pain because of the perceived social consequences of doing so, forexample, to avoid being denied opportunities to play or to gainattention and sympathy from parents and other adults (Larochette,Chambers, & Craig, 2006). Older adults often suppress pain com-plaints (Lyons, Langille, & Duck, 2006), fearing pressures fromfamily and others to pursue living arrangements that could result inloss of independence. Many other illustrations could be generateddemonstrating the impact of painful conditions, and social modu-lation of the display, on how others react to the person in pain. Allof them involve recognition of either the success or failure ofsymbolic encoding or decoding (symbolic interaction) or else tooclear a recognition that the surrounding symbolic social contextwill lead to other types of responses (e.g., ignoring a decoded painmessage).

It is important to note that the nature and quality of socialsupport and human resources for the person in pain has an impacton pain, suffering, and related disability. Social support can en-hance psychological well-being for persons with chronic pain(Burckhardt, 1985; Faucett & Levine, 1991; Murphy, Creed, &Jayson, 1988; Turner & Noh, 1988), although when it is excessiveto the point that it becomes solicitous, it can lead persons withchronic pain to show more pain and disability (Boothby, Thorn,Overduin, & Ward, 2004; McCracken, 2005; Paulsen & Altmaier,1995). Conflict and problems with social relationships can alsoincrease somatic and psychological distress (Feuerstein, Sult, &Houle, 1985; Fiore, Becker, & Coppel, 1983; Goldberg, Kerns, &Rosenberg, 1993; T. Hadjistavropoulos et al., 2004). Successes insymbolic interactions and rejection of symbolic sharing representthe difference between social acceptance and welfare, and betweensocial rejection and distress.

The Communications Model of Pain

The communications model of pain (Craig, 2009; T. Hadjistav-ropoulos & Craig, 2002; T. Hadjistavropoulos et al., 2004;Prkachin & Craig, 1995) is consistent with biopsychosocial con-ceptualizations. It recognizes that biological mechanisms are fun-damental to the psychological processes engaged during painexperience and expression, but it also directs attention to socialprocesses as causes and consequences of pain experience and themanner in which pain is expressed. As well, the communicationsmodel explicitly incorporates attention to how those in the socialenvironment play a determinative role in pain experience andexpression through devoting attention to the process of decodingexpressive pain behavior and responding to the person in pain.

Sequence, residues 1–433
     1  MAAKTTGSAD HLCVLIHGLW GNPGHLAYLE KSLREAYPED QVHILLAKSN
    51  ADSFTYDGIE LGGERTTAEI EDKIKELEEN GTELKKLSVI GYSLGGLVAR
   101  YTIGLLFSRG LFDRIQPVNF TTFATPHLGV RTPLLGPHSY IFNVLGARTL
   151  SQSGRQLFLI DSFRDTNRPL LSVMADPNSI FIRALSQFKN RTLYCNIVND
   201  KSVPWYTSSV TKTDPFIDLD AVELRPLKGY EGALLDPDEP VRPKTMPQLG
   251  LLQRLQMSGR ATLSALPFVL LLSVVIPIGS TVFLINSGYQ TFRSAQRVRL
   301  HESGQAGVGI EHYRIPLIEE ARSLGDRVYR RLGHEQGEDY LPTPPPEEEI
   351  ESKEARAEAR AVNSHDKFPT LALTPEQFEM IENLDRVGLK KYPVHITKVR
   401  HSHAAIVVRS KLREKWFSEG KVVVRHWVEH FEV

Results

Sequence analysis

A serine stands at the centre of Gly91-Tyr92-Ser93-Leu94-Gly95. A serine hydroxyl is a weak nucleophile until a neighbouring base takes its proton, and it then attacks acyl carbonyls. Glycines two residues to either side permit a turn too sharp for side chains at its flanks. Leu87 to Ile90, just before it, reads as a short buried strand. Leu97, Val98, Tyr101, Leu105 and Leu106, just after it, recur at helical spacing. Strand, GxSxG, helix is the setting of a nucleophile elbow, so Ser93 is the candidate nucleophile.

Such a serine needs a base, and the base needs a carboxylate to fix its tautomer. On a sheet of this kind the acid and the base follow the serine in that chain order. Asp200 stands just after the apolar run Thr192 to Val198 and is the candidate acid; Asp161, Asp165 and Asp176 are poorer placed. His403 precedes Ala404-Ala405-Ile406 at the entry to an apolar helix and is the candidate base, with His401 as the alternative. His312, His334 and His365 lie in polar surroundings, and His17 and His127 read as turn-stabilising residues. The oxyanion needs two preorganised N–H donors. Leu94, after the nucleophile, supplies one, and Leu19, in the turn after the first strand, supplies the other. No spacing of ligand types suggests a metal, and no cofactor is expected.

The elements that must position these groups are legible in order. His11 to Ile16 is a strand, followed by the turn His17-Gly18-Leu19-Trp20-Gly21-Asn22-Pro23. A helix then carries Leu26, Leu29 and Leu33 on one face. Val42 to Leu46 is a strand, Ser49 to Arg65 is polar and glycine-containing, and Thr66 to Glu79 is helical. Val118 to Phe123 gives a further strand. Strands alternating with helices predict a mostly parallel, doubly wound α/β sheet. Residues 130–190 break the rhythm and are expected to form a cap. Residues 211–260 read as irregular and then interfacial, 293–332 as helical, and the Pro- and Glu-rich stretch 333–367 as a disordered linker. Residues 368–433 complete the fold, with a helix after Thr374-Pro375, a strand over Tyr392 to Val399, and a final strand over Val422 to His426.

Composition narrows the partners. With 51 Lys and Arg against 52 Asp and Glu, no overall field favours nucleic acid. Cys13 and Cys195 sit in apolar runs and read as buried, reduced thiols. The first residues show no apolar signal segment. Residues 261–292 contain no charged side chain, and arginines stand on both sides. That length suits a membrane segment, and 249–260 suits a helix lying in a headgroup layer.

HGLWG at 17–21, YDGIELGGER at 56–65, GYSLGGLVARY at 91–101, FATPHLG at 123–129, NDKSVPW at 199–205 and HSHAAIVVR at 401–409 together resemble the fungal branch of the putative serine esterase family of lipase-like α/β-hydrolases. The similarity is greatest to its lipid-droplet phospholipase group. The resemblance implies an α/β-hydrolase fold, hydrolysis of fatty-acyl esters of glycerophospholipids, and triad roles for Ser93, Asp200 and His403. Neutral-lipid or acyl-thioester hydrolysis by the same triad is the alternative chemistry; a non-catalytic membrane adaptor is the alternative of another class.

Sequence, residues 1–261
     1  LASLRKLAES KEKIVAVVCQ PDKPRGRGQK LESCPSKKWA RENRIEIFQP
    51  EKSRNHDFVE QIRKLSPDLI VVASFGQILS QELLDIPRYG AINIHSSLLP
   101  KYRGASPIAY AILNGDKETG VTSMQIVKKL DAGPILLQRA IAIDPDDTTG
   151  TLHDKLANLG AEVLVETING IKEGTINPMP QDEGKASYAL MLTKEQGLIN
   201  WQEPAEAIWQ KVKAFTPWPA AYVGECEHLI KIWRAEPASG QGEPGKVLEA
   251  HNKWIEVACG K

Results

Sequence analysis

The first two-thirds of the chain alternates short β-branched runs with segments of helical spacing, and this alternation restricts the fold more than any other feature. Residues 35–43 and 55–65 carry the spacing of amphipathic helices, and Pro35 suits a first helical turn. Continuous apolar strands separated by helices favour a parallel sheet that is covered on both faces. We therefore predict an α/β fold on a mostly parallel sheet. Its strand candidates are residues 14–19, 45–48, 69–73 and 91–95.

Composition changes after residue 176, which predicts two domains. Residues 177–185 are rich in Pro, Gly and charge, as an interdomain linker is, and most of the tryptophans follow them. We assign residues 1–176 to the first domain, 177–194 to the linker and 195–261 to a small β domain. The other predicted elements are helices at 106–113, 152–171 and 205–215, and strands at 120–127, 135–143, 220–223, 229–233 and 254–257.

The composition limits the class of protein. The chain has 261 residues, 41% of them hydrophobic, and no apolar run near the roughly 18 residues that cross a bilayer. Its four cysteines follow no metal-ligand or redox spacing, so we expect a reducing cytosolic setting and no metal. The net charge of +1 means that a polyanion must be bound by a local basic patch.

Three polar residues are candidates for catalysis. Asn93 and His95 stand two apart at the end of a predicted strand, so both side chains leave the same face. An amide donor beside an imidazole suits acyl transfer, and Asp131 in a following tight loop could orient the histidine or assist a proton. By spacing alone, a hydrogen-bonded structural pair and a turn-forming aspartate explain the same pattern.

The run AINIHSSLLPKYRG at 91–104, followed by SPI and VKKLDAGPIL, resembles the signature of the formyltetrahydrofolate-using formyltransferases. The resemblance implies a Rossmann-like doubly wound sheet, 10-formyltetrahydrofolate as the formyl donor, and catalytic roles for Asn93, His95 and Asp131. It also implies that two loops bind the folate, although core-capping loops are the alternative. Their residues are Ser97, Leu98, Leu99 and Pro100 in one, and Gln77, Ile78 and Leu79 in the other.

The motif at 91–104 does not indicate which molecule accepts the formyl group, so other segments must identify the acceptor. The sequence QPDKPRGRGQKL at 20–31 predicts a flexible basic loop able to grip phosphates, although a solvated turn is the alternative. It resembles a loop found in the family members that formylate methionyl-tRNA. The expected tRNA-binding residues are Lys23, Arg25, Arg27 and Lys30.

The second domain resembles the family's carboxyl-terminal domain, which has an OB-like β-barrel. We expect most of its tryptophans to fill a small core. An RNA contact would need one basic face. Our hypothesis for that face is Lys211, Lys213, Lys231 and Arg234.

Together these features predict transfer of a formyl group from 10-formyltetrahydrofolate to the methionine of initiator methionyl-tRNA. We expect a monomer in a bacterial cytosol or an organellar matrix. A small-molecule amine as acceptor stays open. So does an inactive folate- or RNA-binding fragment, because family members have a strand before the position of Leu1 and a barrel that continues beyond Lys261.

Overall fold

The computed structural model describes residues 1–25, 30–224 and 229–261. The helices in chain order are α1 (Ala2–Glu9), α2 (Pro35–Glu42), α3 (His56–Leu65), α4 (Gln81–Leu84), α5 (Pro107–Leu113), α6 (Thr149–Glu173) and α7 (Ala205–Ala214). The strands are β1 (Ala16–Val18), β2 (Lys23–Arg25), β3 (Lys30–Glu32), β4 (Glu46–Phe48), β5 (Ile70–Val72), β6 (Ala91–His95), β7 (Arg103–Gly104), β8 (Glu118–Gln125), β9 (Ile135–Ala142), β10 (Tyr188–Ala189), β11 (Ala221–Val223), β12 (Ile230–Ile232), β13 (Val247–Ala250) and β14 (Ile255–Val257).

The communications model is rooted in Rosenthal’s (1982)formulation of processes whereby observers decode and react topsychological states encoded in the behavior of other persons.Previous use of the model focused on specific aspects of theexperience, such as the role of facial expression in the communi-cation of pain (Prkachin & Craig, 1995), the challenges of deliv-ering care to infants (Craig, Korol, & Pillai, 2002), and differencesbetween automatic/reflexive and executive responding duringpainful events (T. Hadjistavropoulos & Craig, 2002), with thecurrent article providing a far more comprehensive statement in-tegrating clinical, neuroscience, social-communications, and evo-lutionary perspectives.

Consistent with Rosenthal’s (1982) description, the process ofcommunication is seen as a three step process (A 3 B 3 C). An


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internal experience (Step A) is encoded with varying degrees offidelity in expressive behavior (Step B). If observers are to respondwith sensitivity, the expressive behavior requires decoding (StepC). The resulting inferences will dictate the nature of theirresponse to the person. Reactions will vary in accuracy and maybe neutral, benevolent, or malevolent. The model is shown inFigure 2. In our terms, communication as action (the behaviorof the sender and the reaction of the receiver) leads to commu-nication as interaction (the dyadic process) that may be embed-ded or understood in a broader social context (including cul-ture) as a feature of ongoing interpersonal transactions.